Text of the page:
I will make your cheesecakes this wekeend – with dark chocolate, pounded juniper berries and some cherries tossed in. I only wish I could make them right now!
Well I have tried the cheesecakes with the yoghurt and – oh my – what a delightful treat indeed! I must stop myself from putting these on the menu every day of the week now. I only had ‘light’ Yoplait yoghurt (I love the tartness) but would love to experiment with different yoghurts.
Unfortunately my beloved camera is at the Camera Clinic at the moment so no photos of my delectable little cakes… for now!
You must tell me though, Jules, where you have learned to take such extraordinary food photos?
P.S. You are amazing. I cannot begin to tell you how much I have (and still am) learning from you. Your Solve Your Dinner Dilemma is a gem of a course and has opened up my mind to so many possibilities and freed up my time to focus on our little business.
Thank you ever so much for the opportunity to be part of the course. And if I can ever be of any assistance with any blog and/or web needs you might have, now or in the future, I would love to return the favor!
Much love to you,
Yum – cheesecake looks great and so simple!
This is a post I think I disagree with.
I’m a Uni student and was sent home from Thanksgiving with several dinners worth of food.
We spent the night with the family who hosted Thanksgiving and in the morning had leftovers for breakfast. Also for lunch. We made turkey soup with leftover meat and veggies. My Thanksgiving tradition involves leftovers.
It also has Thanksgiving as a planned potluck, with everyone contributing, not one family being burdened with all the cooking.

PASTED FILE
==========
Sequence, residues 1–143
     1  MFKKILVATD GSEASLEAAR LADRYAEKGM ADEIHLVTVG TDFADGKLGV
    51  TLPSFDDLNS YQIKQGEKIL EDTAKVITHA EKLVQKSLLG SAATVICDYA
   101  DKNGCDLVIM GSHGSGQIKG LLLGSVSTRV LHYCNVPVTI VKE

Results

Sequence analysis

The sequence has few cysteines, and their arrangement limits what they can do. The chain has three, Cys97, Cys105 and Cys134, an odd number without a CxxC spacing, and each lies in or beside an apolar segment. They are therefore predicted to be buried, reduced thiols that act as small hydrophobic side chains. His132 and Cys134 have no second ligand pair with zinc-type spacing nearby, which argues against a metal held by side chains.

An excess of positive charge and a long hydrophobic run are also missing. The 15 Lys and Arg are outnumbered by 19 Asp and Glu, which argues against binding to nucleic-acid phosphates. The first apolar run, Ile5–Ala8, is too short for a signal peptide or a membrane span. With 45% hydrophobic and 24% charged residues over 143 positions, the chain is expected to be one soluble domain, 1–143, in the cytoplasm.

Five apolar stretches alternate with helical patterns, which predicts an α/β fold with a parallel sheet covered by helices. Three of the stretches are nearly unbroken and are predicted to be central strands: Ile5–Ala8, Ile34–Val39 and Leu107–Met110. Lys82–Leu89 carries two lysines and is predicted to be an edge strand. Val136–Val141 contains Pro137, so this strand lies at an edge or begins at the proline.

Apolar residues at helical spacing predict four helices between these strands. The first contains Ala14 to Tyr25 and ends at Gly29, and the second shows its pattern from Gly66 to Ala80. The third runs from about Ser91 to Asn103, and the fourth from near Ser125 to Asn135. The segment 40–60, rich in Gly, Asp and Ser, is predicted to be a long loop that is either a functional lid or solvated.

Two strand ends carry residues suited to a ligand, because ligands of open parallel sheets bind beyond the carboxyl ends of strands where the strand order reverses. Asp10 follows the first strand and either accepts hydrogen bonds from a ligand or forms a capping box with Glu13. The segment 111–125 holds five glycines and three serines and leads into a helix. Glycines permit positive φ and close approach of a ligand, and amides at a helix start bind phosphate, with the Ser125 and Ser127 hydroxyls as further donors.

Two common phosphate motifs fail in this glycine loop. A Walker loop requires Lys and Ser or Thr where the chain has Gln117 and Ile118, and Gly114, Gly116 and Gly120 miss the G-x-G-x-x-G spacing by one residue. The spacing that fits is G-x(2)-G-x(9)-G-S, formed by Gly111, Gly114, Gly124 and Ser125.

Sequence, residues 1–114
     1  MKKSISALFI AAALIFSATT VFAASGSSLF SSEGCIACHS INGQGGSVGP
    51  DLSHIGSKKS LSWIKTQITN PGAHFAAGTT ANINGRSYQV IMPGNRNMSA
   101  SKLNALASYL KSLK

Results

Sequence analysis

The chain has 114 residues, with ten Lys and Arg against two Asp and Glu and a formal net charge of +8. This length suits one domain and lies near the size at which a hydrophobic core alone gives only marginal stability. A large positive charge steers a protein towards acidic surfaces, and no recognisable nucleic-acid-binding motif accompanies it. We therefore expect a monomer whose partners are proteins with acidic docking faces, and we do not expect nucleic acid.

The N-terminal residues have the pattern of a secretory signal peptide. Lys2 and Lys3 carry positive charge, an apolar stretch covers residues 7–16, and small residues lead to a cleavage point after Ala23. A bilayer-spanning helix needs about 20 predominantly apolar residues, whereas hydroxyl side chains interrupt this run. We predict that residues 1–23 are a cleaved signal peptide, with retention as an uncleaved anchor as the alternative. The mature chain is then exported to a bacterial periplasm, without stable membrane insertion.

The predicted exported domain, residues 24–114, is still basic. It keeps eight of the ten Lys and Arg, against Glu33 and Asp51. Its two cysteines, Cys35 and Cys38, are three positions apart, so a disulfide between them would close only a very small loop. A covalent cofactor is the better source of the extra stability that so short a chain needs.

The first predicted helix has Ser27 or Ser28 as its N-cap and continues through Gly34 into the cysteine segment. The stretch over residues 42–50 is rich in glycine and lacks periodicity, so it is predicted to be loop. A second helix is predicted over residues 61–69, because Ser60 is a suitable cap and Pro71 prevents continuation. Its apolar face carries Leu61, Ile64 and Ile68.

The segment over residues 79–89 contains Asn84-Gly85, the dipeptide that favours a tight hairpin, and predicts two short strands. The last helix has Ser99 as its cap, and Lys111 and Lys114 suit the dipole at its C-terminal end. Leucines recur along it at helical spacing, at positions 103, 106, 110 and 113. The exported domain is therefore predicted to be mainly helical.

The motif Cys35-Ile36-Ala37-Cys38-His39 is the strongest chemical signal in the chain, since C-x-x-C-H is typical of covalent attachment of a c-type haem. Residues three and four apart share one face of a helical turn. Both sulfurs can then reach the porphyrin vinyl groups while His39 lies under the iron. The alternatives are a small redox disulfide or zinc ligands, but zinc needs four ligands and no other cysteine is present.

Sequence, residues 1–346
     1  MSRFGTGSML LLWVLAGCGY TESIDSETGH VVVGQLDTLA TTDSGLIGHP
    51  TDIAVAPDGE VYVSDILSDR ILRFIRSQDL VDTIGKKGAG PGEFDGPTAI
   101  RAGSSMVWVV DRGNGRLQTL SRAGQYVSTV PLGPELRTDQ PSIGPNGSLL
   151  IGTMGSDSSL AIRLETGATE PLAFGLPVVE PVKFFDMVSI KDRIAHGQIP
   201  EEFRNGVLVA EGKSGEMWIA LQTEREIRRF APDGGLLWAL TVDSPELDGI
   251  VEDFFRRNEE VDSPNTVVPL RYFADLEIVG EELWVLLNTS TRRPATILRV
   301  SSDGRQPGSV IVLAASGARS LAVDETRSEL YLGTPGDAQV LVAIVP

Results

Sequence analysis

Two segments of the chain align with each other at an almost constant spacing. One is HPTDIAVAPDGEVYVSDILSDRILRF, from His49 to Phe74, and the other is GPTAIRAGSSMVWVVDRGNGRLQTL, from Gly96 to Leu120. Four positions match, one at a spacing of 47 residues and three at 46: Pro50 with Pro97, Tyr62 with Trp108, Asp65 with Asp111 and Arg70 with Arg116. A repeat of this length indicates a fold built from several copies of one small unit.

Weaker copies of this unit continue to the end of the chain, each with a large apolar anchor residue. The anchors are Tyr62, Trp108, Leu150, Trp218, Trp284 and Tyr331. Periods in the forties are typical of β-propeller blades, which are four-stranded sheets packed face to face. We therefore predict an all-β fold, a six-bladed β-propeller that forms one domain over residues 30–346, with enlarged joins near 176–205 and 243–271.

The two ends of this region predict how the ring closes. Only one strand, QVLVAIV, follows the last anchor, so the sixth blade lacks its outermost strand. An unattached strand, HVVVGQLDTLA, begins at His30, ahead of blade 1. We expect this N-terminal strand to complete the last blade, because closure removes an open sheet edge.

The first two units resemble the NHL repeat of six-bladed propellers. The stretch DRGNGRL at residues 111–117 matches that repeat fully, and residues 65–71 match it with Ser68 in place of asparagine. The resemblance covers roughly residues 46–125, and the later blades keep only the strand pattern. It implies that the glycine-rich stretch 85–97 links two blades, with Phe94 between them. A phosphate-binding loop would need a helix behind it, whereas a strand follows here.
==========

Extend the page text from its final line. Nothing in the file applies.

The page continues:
I’m looking forward to making these. My husband loves cheesecake but I’m not always the biggest fan–but these sound light and tart enough for me to enjoy while indulging him at the same time!
I’m going to use four 1/2-cup ramekins instead of two 1-cup. Should I just reduce the cooking time to about 20 minutes (or at least start watch at that point)?
These little cheesecakes look wonderful, Jules! Alas, I am currently far from my oven and must save them for another time!
And, on leftovers – this problem solves itself once one has (semi) adult children coming for dinner. Never seen a 20-something child with an empty fridge turn down a take-home package!
Hi Jules, love the blog. Just a thought with the cheesecakes, I have been baking mine in the oven in a waterbath (around 1/2 to 2/3’s of the way up the side of the ramekins) for years and the difference in creaminess and texture is truly amazing. I will definately be trying your recipe with the waterbath too!
that’s so cute – yes feeding starving students fixes all leftover problems
thanks for sharing your waterbath experience – I’m always too lazy to do it that way. Will put it on my list of things to experiment with – wondering if it really makes that much difference – great food for thought ;)
yes I’d say 20 minutes would be a great starting point to check – let me know how you get on
each to their own;) thanks for sharing your thoughts
wow, how adorable are these.
i am the type of person who craves dessert every single day, terrible habit, but these look so easy to make when i have a little time.
I did it :) And it has amazing taste. My hubby wants to eat all 4 (I made it double) Thank you for such easy and wonderful recipe :)
yay for you – and glad your husband is loving them too
Beautiful photos! And thanks for sharing the tips
I’m in the us and we don’t weigh our sugar-do you know how many tablespoons I would need to add? These look delightful. And if I wanted to make them pumpkin-hpw much could I add to the recipe.
love your site-I’m new here
welcome to stonesoup!
I HIGHLY recommend investing in a set of digital kitchen scales – they’re not expensive and so much more reliable than cups and spoons – not to mention quicker than measuring out cups
if you must convert – check out this website: http://www.cuisinedumonde.com/convert.html
Hi Jules! Thanks for much for this blog! These are great tips! Im a Registered Dietitian and tell clients all the time to use these tips. I also linked your link in mine “I know it’s your mother’s Easter pie, but throw it out!”
Thanks for the recipe! I’ve been looking for a cheesecake recipe with under five ingredients…I can’t wait to try this!